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Risso's dolphin at surface

My lucky number – 13 years studying amazing Risso’s dolphins

Everything we learn about the Risso's dolphins off the coast of Scotland amazes us and...
Dead sperm whale in The Wash, East Anglia, England. © CSIP-ZSL.

What have dead whales ever done for us?

When dead whales wash up on dry land they provide a vital food source for...
Risso's dolphin © Andy Knight

We’re getting to know Risso’s dolphins in Scotland so we can protect them

Citizen scientists in Scotland are helping us better understand Risso's dolphins by sending us their...
Pilot whales pooing © Christopher Swann

Talking crap and carcasses to protect our planet

We know we need to save the whale to save the world because they are...
Fin whale (balaenoptera physalus) Three fin whales Gulf of California.

Speaking truth to power – my week giving whales a voice

The International Whaling Commission (IWC) meeting is where governments come together to make decisions about whaling...

Why do whales and dolphins strand on beaches?

People often ask me 'why' whales and dolphins do one thing or another.  I'm a...
A spinner dolphin leaping © Andrew Sutton/Eco2

Head in a spin – my incredible spinner dolphin encounter

Sri Lanka is home to at least 30 species of whales and dolphins, from the...
Orca (ID171) breaches off the coast of Scotland © Steve Truluck.

Watching whales and dolphins in the wild can be life changing

Whales and dolphins are too intelligent, too large and too mobile to ever thrive in...

Summer Fun

For the past two years Plymouth Chamber of Commerce has hosted the Plymouth Maritime Day and we have participated and watched it grow in success. Prior to Maritime Day, summer was still celebrated in Plymouth with a Blessing of the Fleet. (one of my favorite years was when the Plymouth Harbor Masters agreed to sit in the dunking booth as a fundraiser for us). Maritime Day however, combines the Blessing of the Fleet with a number of other Plymouth traditions. So needless to say this past weekend, was busy and filled with fun.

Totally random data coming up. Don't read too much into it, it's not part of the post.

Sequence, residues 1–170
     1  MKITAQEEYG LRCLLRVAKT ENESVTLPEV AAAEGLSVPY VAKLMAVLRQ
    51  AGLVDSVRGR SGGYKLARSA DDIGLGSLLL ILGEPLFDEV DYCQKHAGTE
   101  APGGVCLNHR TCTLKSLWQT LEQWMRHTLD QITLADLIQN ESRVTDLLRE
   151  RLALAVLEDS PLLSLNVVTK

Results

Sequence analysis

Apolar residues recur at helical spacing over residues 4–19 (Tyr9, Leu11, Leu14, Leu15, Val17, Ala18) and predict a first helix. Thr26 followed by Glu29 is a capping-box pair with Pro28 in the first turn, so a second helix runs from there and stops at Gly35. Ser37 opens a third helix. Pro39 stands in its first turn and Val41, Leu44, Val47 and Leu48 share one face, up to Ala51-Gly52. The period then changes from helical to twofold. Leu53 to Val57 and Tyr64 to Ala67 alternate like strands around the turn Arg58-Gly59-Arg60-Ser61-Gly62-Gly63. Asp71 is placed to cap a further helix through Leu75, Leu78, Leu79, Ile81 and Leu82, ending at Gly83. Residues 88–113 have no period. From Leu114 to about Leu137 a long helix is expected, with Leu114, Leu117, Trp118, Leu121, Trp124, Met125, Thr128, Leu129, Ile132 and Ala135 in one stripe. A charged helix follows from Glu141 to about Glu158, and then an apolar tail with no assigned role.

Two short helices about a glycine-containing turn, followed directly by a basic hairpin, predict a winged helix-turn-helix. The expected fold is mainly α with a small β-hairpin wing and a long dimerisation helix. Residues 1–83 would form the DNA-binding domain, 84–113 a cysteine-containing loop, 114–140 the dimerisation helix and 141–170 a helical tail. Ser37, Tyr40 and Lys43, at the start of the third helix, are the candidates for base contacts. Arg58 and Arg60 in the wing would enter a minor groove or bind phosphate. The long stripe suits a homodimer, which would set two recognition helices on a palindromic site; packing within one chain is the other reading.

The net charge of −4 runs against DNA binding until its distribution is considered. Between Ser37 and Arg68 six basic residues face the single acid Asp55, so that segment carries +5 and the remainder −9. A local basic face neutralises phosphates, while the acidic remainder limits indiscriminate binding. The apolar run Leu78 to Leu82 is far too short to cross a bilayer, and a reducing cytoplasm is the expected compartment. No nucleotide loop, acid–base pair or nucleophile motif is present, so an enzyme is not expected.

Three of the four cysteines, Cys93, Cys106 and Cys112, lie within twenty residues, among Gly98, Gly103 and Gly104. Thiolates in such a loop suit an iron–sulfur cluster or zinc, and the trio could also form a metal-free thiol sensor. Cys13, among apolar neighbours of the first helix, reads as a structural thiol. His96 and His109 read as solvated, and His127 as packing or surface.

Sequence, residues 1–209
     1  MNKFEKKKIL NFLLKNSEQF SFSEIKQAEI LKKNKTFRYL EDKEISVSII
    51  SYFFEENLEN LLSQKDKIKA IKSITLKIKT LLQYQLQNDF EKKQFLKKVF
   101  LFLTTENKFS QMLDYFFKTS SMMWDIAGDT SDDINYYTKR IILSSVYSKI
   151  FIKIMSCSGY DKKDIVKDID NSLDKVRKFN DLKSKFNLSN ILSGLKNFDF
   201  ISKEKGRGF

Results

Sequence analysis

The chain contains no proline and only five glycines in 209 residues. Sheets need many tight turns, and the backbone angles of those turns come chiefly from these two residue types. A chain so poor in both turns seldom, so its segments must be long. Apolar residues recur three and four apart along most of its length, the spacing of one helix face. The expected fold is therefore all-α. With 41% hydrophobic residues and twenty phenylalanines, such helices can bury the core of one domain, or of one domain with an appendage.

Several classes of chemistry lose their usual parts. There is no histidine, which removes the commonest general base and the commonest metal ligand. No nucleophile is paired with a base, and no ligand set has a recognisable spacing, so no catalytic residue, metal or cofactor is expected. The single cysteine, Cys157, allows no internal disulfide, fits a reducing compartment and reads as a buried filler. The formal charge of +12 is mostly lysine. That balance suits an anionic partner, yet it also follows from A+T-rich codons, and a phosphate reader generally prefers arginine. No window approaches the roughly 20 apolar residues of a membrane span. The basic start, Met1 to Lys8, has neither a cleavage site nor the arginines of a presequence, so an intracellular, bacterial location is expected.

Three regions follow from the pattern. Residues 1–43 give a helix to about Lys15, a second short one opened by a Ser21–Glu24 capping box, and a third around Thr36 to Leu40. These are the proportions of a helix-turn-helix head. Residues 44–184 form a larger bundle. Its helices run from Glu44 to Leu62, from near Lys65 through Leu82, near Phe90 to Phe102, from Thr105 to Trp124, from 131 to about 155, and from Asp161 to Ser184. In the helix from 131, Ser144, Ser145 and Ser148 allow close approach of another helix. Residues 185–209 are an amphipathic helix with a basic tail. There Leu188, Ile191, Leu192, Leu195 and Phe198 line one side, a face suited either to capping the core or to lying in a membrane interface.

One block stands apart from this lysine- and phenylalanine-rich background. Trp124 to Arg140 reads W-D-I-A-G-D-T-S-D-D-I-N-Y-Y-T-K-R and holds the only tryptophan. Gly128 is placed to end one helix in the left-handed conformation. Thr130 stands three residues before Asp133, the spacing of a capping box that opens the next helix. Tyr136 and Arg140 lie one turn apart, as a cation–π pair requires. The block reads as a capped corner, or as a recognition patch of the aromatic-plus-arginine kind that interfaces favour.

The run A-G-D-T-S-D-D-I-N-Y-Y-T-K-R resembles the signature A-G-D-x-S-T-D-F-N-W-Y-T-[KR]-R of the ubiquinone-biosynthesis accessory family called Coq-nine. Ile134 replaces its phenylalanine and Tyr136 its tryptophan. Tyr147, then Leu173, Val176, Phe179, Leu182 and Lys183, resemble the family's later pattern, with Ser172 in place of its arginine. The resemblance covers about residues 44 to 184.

Maritime Day was started off with Boston Police Gaelic Column of Pipes & Drums, who were amazing and included one of our own harbor masters playing the bagpipes (sorry I was too slow in getting a photo). And in booth after booth organizations and vendors were educating the community about their services and missions. We auctioned off three whale adoptions – two regular and one deluxe, as well as had a number of different educational activities for kids. My favorite was having children write how they are helping the marine environment and whales on the back of a humpback fluke photos and string them up for everyone to see. I also had probably more fun then i should admit to walking around with an inflatable dolphin strapped to myself – to raise awareness of course.

I even took the dolphin onto the Blessing of the Fleet which is an old tradition from Mediterranean fishing communities where vessels were blessed by a priest to ensure a safe and bountiful season. Today the blessing varies from port to port and has changed a bit over the years – so much so that the minister blessed us, our ship and our inflatable dolphin….all very cool. At 7:00 we broke down our table and displays and hustled over to Easterly which was already decorated for the Parade of Lights, a very fun event when the boats in the harbor compete for best lit decorations. Last year we won the Harbor Master’s Cup so the pressure was on, but this year we were beat by a flame throwing volcano. However we had a great time representing whales and dolphins and had an amazing, one-of-a-kind lit whale and dolphins rigged up to the boat. And of course to have a winning team everyone has to participate…… We were also very pleased to have Pine Dubios director of Jones River Landing and Meg Sheehen from Cape Cod Bay Watch with us for the Boat Parade. We recently have been working with both organizations and submitted comments asking NOAA to consider impacts to critically endangered NA right whales from the operation of the Pilgrim Nuclear Power Plant. The plant was re-licensed in-spite of our comments, but we are committed to continuing to monitor the effects the plant has on the Cape Cod Bay which has been designated critical habitat for critically endangered right whales and is important for many other endanger cetacean species.

About George Berry

George is a member of WDC's Communications team and website coordinator.